The last Sea-Monkey post, I promise

The Sea-Monkeys are doing swimmingly, thank you, flapping and flying through speckled salt water, pumping fleshy wings and wagging long pink tails like bitty aquatic dragons. Dozens of them flit and twirl about in a plastic tank that’s at best seven inches tall. (See some in action here. It’s totally worth it.)  

The last time I reported on Sea-Monkeys — here — I had just watched a memory-rattling short film about the fanciful water simians, which are actually simple but neato-to-watch brine shrimp. (But let’s pretend they’re actually otherworldly, kinda creepy alien demon creatures, the love-children of Poseidon and a mermaid — or of Aquaman and a king prawn. You pick.) 

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Watching the film, I was prepared to order the small Sea-Monkey tank that comes with Water Purifier, Instant-Life Crystals (eggs) and Growth Food packets lickety-split, I was so excited seeing again the novelty pets I had owned so many times over the decades. (I’m apeshit for these monkeys, you might say.) 

So I did. For $12.98 at Amazon, I got The Amazing Live Sea-Monkeys Ocean-Zoo, which the package promises “The World’s Only Instant Pets!”®. I filled the tank with tepid tap water, churned in the Water Purifier and waited the prescribed 24 hours before dumping in the Monkey eggs. I stirred them good and waited. 

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Within minutes pencil-dash creatures were zigzagging the water, itsy, white, herky-jerky things you might see under a microscope — autonomous amoebas swimming on their own and doing gleeful backflips. A month later, they are happy, confident, independent and plump — about the size of fingernail clippings — everything you want in healthy offspring. I asked my niece to name the critters. She named them all Charlie.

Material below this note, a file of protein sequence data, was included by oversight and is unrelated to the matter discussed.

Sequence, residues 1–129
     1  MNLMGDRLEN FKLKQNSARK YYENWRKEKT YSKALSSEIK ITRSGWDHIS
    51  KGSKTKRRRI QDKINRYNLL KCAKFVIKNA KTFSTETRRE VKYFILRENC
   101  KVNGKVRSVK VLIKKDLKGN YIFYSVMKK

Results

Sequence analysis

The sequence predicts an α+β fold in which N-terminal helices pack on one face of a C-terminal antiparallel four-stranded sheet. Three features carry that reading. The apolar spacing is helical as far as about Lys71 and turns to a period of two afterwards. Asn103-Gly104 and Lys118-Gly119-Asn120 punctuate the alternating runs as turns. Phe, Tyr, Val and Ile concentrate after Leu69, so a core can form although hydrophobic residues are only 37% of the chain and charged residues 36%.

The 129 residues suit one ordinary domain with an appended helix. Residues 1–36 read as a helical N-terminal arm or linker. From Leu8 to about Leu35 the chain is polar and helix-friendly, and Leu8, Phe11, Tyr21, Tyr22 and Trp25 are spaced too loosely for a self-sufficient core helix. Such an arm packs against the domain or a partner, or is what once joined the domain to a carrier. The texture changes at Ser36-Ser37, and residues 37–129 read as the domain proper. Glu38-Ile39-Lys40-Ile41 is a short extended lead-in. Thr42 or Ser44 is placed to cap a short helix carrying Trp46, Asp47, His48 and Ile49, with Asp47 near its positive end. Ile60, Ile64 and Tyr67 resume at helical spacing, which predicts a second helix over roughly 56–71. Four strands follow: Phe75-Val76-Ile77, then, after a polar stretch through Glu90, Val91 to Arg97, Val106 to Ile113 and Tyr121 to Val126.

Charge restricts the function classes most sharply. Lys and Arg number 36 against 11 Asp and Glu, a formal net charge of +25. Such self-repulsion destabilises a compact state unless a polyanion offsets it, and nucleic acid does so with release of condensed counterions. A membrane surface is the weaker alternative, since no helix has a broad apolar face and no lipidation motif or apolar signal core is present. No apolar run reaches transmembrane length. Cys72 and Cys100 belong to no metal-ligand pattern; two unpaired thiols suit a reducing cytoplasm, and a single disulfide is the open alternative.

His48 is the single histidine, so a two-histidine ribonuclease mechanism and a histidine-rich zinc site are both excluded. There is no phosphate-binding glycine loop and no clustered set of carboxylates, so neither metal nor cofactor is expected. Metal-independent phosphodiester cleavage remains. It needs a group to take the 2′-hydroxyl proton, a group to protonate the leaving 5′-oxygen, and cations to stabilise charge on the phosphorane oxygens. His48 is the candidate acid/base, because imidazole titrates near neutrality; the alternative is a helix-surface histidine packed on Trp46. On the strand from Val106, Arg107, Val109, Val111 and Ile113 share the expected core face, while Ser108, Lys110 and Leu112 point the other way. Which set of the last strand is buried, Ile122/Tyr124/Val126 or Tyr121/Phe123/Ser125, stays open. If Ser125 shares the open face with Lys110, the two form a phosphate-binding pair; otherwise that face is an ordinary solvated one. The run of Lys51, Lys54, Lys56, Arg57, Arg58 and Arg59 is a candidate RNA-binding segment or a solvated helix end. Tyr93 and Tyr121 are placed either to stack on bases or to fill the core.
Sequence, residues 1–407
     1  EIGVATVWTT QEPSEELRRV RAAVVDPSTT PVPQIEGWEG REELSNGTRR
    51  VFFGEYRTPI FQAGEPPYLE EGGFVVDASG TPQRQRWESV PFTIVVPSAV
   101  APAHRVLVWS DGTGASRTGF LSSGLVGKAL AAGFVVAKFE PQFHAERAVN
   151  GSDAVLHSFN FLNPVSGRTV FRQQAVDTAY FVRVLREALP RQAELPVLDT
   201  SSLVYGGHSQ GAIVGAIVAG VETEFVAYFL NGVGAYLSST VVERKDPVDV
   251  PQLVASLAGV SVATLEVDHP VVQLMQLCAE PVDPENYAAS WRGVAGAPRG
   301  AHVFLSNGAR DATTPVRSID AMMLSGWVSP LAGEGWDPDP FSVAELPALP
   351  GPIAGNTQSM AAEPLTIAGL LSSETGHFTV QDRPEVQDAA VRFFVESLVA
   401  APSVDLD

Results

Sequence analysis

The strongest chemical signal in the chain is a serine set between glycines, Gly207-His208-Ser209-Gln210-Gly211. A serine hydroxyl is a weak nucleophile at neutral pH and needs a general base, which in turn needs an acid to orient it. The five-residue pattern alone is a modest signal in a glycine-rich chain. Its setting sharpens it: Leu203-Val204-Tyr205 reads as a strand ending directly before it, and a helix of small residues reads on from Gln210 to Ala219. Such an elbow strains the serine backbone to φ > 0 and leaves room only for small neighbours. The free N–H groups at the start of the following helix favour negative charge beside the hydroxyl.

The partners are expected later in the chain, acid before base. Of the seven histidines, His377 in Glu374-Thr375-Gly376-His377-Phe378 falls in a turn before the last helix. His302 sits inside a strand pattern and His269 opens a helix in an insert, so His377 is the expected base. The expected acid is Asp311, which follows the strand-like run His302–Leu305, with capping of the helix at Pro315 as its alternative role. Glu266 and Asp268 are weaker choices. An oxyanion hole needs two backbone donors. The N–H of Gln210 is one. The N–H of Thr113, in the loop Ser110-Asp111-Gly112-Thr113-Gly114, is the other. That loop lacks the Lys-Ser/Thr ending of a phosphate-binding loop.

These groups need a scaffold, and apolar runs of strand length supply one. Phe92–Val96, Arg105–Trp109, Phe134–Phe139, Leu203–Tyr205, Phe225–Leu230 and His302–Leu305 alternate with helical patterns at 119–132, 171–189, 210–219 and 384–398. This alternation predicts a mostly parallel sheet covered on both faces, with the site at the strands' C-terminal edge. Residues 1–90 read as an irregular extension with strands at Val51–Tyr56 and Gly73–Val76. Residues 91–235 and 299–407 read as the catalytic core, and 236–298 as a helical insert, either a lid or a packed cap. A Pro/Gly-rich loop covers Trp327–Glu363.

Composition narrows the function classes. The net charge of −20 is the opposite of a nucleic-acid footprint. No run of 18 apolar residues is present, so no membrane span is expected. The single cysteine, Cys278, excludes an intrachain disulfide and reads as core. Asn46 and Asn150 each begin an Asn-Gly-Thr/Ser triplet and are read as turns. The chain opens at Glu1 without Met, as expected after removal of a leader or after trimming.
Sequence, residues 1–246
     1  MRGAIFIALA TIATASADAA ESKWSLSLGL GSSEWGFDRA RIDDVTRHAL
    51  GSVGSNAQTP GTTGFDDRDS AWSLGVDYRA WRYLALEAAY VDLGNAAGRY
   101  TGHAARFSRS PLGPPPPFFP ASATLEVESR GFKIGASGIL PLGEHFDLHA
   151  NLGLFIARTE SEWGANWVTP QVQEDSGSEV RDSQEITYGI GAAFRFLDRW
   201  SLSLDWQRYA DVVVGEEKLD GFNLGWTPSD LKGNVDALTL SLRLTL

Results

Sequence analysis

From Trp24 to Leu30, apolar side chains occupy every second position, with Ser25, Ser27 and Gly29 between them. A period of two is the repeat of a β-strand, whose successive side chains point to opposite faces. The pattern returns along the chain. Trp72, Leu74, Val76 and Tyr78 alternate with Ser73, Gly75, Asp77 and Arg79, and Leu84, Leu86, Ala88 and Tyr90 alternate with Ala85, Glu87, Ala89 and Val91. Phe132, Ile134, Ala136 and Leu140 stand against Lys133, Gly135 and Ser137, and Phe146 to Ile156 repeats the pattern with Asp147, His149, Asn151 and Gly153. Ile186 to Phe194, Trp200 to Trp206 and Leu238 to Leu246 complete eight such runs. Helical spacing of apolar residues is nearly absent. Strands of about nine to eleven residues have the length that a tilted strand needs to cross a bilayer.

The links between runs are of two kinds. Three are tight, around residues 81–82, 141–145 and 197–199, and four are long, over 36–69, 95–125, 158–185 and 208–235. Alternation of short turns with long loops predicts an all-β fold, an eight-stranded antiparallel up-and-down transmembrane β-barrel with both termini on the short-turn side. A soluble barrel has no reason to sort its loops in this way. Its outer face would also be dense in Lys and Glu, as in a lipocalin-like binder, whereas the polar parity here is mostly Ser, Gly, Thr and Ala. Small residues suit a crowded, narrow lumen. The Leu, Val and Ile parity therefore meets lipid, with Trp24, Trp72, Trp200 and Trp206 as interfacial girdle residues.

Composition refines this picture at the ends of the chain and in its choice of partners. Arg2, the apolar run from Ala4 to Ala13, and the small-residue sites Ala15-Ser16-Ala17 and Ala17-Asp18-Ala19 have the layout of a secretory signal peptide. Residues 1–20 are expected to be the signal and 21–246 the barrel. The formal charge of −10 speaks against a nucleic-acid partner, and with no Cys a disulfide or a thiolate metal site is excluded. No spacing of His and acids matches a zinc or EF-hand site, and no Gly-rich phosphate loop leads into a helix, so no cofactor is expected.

The Sea-Monkey world is like an undersea ant farm, without the dirt and without, in my case when I tried to cultivate an ant farm, mass annihilation. Not that Sea-Monkeys don’t die. They do. But they also reproduce and replenish their populations in sly ways, such as lacing the Growth Food with fresh eggs that hatch instantly when I feed the creatures every five days or so. Smelly green powder goes in, and babies, mere monkey specks, promptly appear. 

It’s that kind of thing that keeps me in the strange thrall of Sea-Monkeys. They really are pets, even if they don’t bark at the mailman, play fetch or, like a certain cat, curl up on your face while you sleep. They don’t stain the carpet, rack up vet bills or, really, do much of anything.

They’re like fish — pretty, transfixing, calming things to look at — but you don’t have to clean the tank. Self-sufficient, save for periodic feedings by their benevolent master (me), Sea-Monkeys just do their thing, flip about, swim around, dance and jig with an alacrity we can only envy. 

Monkeys Sea, monkeys do

Why is everyone so down on Sea-Monkeys? People scoff when I bring them up, which is pretty much never, and the novelty item’s star ratings are piddling to pathetic at Amazon. (2.7 stars? Wha?) 

Sea-Monkeys rule. If you’re 7. But really, I’ve owned them at least 10 times as a kid (and, all right, as an adult), those trippy, creepy, itsy-bitsy, dimly disappointing crustaceans that swirl around a small plastic tank on your nightstand before dying off, one by one, until all that’s left is greenish, brackish water that smells like the devil’s bing-hole. My freakish, fun-loving, easily-fooled brain adores them.

Instant Life

They come up because I recently watched Penny Lane’s 2016 short film “Just Add Water: The Story of the Amazing Live Sea-Monkeys.” (See all 16 mind-tweaking minutes of it here.)